Wadena County to save on prisoner boarding
Competition, price wars and hard times have caught up with the Hubbard County Correctional Center.
Wednesday, the county commission reduced the inmate boarding charge from $55 per day to $46 per day to match a price war initiated by Crow Wing County.
Losing $9 per day per inmate could add up, commissioners agreed, but it may be preferable to empty cells. The jail's current occupancy rate hovers around 30 inmates per day; the facility was designed to hold 116.
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What prompted the rate decrease was a polite ultimatum from Wadena County.
Chief Deputy Frank Homer said Wadena County, which has been sending its inmates here, got a better offer from Crow Wing County, which may be in jeopardy of losing its contract with Cass County.
The deal - $46 per night, meals included.
Wadena County has enjoyed a good relationship with Hubbard County, Homer said, but money is money. If Wadena can save that $9 per day it will look elsewhere, officials there recently informed Hubbard County.
"It's a more competitive market," Homer admitted. In answer to commissioners' questions, he added, "If we drop the price for them we have to do it for all other counties."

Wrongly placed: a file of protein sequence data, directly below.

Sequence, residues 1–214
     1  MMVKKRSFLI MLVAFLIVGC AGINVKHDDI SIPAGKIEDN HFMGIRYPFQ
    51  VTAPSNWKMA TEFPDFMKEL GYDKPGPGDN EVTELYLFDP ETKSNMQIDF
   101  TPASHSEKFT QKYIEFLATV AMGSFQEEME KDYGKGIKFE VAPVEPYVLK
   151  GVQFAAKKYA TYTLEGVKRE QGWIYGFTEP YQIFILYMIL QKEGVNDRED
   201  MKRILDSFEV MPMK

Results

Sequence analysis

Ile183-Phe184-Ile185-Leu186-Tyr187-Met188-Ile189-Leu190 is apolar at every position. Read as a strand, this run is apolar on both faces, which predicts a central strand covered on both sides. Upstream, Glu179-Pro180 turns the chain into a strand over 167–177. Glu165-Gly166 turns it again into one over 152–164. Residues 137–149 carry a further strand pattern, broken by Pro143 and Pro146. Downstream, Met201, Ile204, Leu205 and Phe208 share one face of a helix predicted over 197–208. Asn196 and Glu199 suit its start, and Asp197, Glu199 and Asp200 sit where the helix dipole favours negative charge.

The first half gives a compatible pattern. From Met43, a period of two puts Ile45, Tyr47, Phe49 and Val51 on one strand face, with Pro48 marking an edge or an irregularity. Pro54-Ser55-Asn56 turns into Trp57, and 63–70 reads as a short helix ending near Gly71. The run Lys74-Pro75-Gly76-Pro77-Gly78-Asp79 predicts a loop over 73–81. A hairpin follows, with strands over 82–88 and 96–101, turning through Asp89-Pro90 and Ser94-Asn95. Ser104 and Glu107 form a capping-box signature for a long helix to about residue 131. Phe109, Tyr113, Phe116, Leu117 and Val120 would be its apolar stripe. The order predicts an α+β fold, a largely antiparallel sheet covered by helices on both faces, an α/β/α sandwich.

"As much as it irritates the heck out of me, it's better than an empty cell," said commissioner Dick Devine.
"Did we base the $55 on our actual costs?" asked commissioner Cal Robinson.
It was based on rates of surrounding counties, said coordinator Jack Paul. Commissioners believe they'll be losing money at the lower rate, but said they're losing money now.
The jail's operational costs have mushroomed to $1.8 million and the number of inmates has steadily declined.
Homer told the commissioners, who have expressed many concerns over the jail draining county coffers, "I hate how this is going also but I hate cutting ties with the surrounding counties," leaving the current rates higher.
Commissioners doubt in trying times they'll be able to get any surrounding counties to sign long-term housing agreements guaranteeing payment for a certain number of cells.
That's why Cass wants out of its contract with Crow Wing, Homer said. Cass is apparently paying for a guaranteed 60 inmates, but only providing Crow Wing 20. Even paying a penalty to exit their contract would be money ahead, Homer said he has been told.
The price change goes into effect March 1 and will be reviewed in six months. "Maybe dropping the price to $46 may generate more interest," Homer said.
But the rate decrease could also have a downside, he admitted.
"Where would we draw the line or where should we draw the line?" he asked